Dolphin Energy, the Abu Dhabi company that imports Qatari gas to the UAE, is on schedule with a project to build a new gas pipeline.
Dolphin Energy Fujairah pipeline on track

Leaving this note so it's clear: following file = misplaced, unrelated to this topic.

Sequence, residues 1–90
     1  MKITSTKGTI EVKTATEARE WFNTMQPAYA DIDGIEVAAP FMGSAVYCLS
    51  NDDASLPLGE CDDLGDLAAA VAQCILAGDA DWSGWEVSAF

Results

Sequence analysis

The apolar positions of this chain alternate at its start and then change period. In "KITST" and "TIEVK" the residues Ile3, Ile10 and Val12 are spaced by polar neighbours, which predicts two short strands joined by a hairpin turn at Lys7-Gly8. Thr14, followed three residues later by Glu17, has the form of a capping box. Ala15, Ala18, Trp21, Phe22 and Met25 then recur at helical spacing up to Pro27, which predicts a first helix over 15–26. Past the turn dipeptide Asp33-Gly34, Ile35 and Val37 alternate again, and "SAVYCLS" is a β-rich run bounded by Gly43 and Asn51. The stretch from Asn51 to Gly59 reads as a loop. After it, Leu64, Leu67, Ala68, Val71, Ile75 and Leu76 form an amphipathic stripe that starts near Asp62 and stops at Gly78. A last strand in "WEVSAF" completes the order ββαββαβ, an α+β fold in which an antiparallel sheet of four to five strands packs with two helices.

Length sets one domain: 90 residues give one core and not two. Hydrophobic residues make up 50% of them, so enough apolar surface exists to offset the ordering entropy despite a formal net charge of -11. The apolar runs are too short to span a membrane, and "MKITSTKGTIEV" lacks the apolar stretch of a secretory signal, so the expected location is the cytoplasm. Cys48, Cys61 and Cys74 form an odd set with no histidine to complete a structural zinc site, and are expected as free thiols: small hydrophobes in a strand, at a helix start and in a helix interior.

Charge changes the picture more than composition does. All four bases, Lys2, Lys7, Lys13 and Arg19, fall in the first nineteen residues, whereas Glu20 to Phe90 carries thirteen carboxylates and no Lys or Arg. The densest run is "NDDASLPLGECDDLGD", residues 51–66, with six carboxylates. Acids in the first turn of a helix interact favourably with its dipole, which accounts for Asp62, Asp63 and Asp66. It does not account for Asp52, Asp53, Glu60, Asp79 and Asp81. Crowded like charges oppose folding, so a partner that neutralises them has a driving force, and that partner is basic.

Dolphin Energy, the Abu Dhabi company that imports Qatari gas to the UAE, is on schedule with a project to build a gas pipeline to supply fuel to a strategic power and water project in Fujairah. The announcement comes after the company's recent completion of a major financing deal that will provide funds for the pipeline's construction. The 240km pipeline from Taweelah, on Abu Dhabi's Gulf coast, to Qidfa, Fujairah, is scheduled for completion in about a year and would be one of the longest and largest pipelines in the UAE. It is crucial for providing a reliable gas supply to the new 2-gigawatt power and water desalination plant, which the government-owned Abu Dhabi Water and Electric Company (ADWEC) expects in the short term to end electricity shortages in Fujairah while exporting some power to Abu Dhabi. Dolphin said yesterday it had reached the first of three completion milestones for the pipeline project by commissioning facilities to provide an early supply of gas to the power plant at Qidfa. It did that by modifying a section of its existing UAE pipeline network, allowing a temporary gas supply to reach the Fujairah plant via Al Ain. "This is an important development for Dolphin Energy. We are ready to deliver gas to ADWEC's tie-in connection point on schedule so that they are able to fulfil their commitments," said Ibrahim al Ansari, the general manager of Dolphin's UAE operations. "The supply of -early gas means that Dolphin is able to sustain its commitment to providing important gas supply to the UAE and support industrial growth across the entire country." Dolphin said construction of the new pipeline, which is being built by the Russian contractor Stroytransgaz, was on track for completion by the third quarter of next year, despite some early delays. The next milestone, which Dolphin expected to reach in February, would be the completion of a 127km pipeline link from Taweelah to a connection point on Dolphin's Al Ain-to-Fujairah pipeline. Last month, Dolphin completed a deal to refinance Dh12.66 billion (US$3.44bn) of debt that was coming due and to raise about Dh2bn of additional debt to fund the pipeline project. "It was always our intention to secure funding to help pay for part of the overall construction of TFP [the Taweelah-to-Fujairah pipeline]. Now that we have secured the funds, a portion of that has been allocated to meet those costs," Mr Ansari said. The Abu Dhabi company, which operates the Gulf region's first cross-border gas development, pumps about 2 billion cubic feet a day (cfd) of gas from Qatar's North Field, the world's biggest gas deposit. It ships the supplies through an undersea pipeline to Taweelah. Roughly 200 million cfd of the gas is re-exported to Oman. After completing the production facilities and most of its pipeline network, Dolphin is now moving into a new phase in which it uses revenue from gas sales to repay money it borrowed to finance construction. It is also seeking to increase the volume of its imports from Qatar, although that is unlikely until at least 2013, when the emirate may remove a moratorium it has placed on further plans for North Field development. Dolphin is 51 per cent owned by Mubadala Development, the Abu Dhabi Government's strategic investment arm. Its other partners, each with 24.5 per cent, are the American oil and chemicals company Occidental Petroleum and the French energy group Total. email@example.com